Associate Professor David Brewer receives Ratner Distinguished Teaching Award

December 28, 2020

Associate Professor David Brewer receives Ratner Distinguished Teaching Award

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The Department of English is thrilled to announce that Associate Professor David Brewer is a recipient of the Ronald and Deborah Ratner Distinguished Teaching Award. Each year, five professors in the College of Arts and Sciences are selected to receive this award for their outstanding teaching performances. 

The Ratner Distinguished Teaching Award was established in 2014 and is sponsored by Ronald Ratner, former member of The Ohio State University Board of Trustees, and his wife, Deborah.  This award “recognize[s] faculty for making a difference in students’ educations, lives and careers.” Recipients of the award receive a $10,000 cash prize, as well as a $10,000 fund to use for teaching projects.  

Brewer plans to use the teaching funds to buy equipment for the Rare Books and Manuscripts Library to provide a more immersive experience for students in the COVID digital age. Brewer, expressing the importance of bringing this immersive experience to digital environments, says that “getting students to think seriously about books as material objects and how they shape both our sense of the texts they bear and the uses to which those texts can and should be put is a central part of what I do in the classroom (and my discursive evaluations suggest that such experiential engagement is often not only exciting, but transformative).”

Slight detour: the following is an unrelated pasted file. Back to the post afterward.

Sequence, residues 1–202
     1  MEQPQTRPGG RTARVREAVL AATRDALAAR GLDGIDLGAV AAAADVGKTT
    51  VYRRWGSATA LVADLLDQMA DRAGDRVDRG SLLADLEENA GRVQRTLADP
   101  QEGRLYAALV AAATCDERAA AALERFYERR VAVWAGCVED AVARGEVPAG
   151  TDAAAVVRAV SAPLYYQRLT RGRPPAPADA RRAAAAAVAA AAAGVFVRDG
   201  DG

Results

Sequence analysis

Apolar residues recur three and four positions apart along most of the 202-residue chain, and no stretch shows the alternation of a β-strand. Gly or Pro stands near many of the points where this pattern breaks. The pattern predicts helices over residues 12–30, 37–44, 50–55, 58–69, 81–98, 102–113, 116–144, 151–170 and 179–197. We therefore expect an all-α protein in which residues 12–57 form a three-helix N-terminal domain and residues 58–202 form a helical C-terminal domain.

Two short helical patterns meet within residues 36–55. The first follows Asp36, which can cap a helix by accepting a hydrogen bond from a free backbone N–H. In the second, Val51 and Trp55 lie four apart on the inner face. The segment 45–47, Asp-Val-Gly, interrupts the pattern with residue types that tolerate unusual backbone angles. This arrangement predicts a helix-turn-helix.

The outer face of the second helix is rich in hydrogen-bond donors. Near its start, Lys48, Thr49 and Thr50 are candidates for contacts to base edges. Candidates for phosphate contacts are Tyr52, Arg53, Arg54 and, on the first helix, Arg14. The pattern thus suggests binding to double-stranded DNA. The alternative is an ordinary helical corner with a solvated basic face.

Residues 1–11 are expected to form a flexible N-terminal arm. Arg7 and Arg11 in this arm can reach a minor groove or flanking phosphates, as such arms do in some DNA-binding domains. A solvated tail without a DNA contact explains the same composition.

Specifically, he plans to purchase video cameras and microscopes that will allow students to see many of the details they could previously only see in person. In some cases, Brewer thinks that this new equipment will even allow students (as well as faculty and staff who work at the library) to see details they would not be able to see with the naked eye.  

Brewer is an associate professor at The Ohio State University, and his research and teaching focus on the literary, theatrical and visual culture of the long eighteenth century, as well as the history of authorship and reading more generally. He is also fascinated by the methodological challenges of writing literary history. Brewer is the author of The Afterlife of Character, 1726-1825 (University of Pennsylvania Press, 2005, as part of their Material Texts series) and the recipient of a fellowship from the National Endowment for the Humanities.  

Congratulations to Professor David Brewer on this exciting accomplishment! 

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